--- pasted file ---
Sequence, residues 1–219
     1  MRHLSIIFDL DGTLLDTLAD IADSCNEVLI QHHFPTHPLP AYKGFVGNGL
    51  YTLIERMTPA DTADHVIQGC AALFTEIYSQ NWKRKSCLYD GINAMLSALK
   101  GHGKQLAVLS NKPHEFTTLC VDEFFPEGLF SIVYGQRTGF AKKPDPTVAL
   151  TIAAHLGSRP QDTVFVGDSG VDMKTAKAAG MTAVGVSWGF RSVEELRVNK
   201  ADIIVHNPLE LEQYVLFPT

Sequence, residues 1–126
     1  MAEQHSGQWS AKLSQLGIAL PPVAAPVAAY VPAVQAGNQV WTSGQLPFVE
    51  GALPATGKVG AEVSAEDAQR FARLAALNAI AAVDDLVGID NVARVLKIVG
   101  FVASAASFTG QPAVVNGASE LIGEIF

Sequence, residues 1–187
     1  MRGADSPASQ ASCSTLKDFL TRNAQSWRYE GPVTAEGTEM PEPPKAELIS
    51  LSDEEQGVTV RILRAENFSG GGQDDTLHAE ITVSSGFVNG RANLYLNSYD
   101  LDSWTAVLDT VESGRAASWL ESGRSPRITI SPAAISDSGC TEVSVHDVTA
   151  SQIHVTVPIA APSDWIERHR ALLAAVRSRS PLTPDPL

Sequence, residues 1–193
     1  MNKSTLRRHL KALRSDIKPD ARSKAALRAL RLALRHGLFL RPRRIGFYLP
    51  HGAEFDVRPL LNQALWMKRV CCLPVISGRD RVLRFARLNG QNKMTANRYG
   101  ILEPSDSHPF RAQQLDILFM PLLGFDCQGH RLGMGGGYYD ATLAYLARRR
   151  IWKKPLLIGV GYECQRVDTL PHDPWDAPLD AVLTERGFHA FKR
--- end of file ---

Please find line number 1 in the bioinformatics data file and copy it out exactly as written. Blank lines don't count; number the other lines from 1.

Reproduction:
Sequence, residues 1–219